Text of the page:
Without getting into too much detail (my degree is in history, and the Civil War was of particular interest to me), I have to say that the libertarians are really idiots when it comes to Lincoln and his policies. They take today's issues of tariffs and apply them to circumstances in the 1800s, a time in which the US was a developing nation, as Mark points out. Developing nations tend to need a little protectionism to keep goods from more established industrial nations from competing in their fragile markets. Developed nations tend to try and remove tariffs in developing nations to defeat local industries and corner markets. As a developing nation, the US used tariffs to ward off European (mainly British--with whom we'd already fought a couple of wars) competition.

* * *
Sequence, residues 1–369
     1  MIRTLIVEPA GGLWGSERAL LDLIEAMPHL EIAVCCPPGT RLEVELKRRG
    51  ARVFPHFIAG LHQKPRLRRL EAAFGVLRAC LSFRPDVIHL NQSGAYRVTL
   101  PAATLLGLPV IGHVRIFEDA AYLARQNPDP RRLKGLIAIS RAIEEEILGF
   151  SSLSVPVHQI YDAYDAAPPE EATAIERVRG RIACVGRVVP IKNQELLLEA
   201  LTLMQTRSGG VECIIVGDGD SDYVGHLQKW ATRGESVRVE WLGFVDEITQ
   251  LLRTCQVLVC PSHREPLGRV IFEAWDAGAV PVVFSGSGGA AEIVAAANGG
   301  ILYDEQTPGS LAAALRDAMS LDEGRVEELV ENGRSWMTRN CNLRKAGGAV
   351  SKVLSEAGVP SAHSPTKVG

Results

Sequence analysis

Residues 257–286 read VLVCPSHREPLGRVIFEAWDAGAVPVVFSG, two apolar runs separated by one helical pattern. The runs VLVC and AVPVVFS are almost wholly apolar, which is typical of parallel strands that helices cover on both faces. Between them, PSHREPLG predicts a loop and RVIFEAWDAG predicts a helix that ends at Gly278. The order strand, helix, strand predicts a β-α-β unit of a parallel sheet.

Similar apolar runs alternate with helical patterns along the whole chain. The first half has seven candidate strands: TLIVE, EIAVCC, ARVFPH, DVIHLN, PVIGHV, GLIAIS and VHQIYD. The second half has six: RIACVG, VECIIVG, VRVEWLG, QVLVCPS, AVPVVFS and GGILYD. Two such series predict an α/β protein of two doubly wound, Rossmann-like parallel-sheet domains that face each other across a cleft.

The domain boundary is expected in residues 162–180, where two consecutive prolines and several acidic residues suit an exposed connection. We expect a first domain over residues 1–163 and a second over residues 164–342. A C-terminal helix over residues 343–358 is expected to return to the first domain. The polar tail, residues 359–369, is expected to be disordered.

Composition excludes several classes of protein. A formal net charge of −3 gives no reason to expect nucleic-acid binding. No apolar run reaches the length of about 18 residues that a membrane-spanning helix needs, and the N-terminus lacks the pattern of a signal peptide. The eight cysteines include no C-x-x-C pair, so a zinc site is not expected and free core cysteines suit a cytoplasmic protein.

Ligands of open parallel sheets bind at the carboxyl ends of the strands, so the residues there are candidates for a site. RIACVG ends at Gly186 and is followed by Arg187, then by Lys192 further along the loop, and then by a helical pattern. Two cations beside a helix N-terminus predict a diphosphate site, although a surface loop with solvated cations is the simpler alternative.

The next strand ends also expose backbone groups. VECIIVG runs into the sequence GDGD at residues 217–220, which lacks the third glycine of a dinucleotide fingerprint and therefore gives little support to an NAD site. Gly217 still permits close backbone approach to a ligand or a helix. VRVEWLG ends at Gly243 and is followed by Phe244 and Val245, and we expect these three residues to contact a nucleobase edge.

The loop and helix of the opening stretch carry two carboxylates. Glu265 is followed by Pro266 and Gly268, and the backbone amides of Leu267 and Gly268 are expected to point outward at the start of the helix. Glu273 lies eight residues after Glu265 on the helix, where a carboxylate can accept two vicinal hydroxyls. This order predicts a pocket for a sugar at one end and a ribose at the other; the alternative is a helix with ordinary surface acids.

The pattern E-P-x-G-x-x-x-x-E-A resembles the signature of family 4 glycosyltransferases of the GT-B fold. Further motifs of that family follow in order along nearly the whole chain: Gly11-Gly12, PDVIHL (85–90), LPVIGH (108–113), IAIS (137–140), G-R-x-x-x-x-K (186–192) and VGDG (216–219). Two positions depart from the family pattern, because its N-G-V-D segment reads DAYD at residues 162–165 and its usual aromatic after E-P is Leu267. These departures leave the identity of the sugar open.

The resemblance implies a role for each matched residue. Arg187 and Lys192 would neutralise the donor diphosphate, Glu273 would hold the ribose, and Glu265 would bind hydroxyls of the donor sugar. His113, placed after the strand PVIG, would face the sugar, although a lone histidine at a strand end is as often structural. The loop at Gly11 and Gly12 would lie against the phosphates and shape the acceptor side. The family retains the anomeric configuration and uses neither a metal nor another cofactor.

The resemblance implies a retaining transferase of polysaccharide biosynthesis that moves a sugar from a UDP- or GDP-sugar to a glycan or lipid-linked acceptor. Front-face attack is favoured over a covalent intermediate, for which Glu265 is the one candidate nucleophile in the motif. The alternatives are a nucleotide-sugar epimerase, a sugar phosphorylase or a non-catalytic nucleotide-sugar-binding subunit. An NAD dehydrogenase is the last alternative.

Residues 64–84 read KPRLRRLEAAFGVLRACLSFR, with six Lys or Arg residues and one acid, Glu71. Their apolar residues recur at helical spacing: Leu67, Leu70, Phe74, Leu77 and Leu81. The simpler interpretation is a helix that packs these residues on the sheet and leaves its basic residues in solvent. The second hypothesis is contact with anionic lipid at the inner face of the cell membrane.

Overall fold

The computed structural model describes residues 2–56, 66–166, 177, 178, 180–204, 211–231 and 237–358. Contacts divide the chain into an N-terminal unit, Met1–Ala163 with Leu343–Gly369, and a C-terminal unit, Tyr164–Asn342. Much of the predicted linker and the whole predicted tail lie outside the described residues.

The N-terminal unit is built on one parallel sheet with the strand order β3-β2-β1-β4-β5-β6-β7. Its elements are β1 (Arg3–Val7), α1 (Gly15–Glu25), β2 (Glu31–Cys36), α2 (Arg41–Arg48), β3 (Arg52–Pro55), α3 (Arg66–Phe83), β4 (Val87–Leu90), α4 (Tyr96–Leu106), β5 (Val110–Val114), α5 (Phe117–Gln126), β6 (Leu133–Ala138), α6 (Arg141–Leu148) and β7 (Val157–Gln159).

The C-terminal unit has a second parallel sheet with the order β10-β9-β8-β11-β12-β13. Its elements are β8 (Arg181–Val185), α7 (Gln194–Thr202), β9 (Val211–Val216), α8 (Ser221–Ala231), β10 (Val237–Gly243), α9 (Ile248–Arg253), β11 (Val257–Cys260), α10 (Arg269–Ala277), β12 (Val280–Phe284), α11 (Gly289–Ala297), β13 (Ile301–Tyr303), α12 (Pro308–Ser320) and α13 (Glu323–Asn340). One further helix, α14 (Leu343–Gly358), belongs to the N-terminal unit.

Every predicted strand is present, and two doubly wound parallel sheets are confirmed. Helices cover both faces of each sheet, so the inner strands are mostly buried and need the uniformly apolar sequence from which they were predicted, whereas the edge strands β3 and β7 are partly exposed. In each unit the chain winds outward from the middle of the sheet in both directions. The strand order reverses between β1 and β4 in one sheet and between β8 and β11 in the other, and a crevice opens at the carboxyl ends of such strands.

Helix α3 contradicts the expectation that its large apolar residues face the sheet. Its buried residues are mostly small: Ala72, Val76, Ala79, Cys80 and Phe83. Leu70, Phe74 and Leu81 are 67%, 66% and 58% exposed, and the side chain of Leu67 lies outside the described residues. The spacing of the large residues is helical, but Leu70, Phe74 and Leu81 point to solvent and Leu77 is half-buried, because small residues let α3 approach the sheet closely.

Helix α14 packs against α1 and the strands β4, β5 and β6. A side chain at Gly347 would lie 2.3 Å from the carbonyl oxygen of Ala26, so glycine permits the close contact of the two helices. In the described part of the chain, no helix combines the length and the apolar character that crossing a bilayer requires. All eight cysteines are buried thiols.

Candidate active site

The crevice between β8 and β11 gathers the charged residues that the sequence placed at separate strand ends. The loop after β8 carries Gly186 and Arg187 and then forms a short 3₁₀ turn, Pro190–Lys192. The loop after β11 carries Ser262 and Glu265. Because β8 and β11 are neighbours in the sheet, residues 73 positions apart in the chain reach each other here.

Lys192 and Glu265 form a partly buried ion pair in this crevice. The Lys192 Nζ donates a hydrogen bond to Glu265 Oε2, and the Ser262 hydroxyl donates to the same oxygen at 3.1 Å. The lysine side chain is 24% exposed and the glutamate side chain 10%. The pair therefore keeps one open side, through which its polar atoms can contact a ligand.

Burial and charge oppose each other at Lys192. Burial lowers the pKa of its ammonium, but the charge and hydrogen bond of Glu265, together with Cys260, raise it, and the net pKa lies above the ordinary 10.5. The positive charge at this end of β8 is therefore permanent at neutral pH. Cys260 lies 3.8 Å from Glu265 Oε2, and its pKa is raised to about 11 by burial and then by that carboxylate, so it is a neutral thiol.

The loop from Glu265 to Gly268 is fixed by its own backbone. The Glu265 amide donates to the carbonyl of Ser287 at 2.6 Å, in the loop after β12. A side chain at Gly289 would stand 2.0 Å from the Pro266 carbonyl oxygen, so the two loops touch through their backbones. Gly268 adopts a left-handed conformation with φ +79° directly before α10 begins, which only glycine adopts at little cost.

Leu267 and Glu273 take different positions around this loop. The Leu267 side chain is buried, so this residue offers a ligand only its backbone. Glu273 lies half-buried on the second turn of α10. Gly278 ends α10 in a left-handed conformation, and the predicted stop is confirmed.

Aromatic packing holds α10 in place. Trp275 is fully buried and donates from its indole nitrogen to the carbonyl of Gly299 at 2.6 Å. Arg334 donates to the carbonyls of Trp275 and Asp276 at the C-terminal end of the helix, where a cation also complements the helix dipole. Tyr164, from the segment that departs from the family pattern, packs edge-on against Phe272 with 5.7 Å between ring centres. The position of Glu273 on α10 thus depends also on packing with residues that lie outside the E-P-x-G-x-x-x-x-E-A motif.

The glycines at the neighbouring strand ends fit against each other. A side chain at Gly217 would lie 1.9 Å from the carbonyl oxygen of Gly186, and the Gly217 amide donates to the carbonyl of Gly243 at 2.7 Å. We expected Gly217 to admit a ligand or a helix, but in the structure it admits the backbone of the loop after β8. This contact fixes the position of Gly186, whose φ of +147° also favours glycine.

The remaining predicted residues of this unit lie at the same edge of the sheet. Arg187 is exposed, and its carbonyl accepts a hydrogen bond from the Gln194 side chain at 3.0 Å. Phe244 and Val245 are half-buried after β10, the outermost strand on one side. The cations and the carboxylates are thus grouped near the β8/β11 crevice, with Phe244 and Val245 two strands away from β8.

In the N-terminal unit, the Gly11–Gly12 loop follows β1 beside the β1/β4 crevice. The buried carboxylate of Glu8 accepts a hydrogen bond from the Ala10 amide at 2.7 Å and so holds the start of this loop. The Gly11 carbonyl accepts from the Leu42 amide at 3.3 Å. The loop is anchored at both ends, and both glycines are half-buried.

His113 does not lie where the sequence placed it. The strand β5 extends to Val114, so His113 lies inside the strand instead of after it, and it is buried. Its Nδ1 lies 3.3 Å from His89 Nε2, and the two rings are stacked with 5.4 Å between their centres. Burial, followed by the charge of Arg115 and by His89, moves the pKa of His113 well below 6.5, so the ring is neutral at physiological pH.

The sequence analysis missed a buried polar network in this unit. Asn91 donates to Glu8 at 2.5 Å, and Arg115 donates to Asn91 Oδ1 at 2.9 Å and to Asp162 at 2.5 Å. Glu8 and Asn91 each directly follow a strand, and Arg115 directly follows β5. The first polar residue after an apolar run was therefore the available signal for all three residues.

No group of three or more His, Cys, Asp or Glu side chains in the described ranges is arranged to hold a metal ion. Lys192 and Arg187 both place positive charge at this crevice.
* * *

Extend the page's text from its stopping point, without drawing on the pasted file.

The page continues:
Libertarians always decry Lincoln for "invading" the South, and blame the entire war on him. It seems to escape them that Lincoln, in his day and time, was the most successful libertarian--he favored liberty for all Americans, not just the landed gentry. He prosecuted a war against an insurrectionist movement to that end--an insurrectionist movement with the stated goal of preserving forced servitude. A pragamatist, Lincoln fought against slavery along the free-soil lines instead of outright abolition--and succeeded in actually abolishing it (pro-lifers, take note of that). A realist, he took the necessary actions--from suspending habeas corpus to sacking incompetent generals and promoting able ones--to preserve the one democracy on earth. A healer, he favored a quick and merciful Reconstruction period--his murder brought about a harsher (but still unbelievably magnanimous, compared to similar circumstances in other countries) Reconstruction.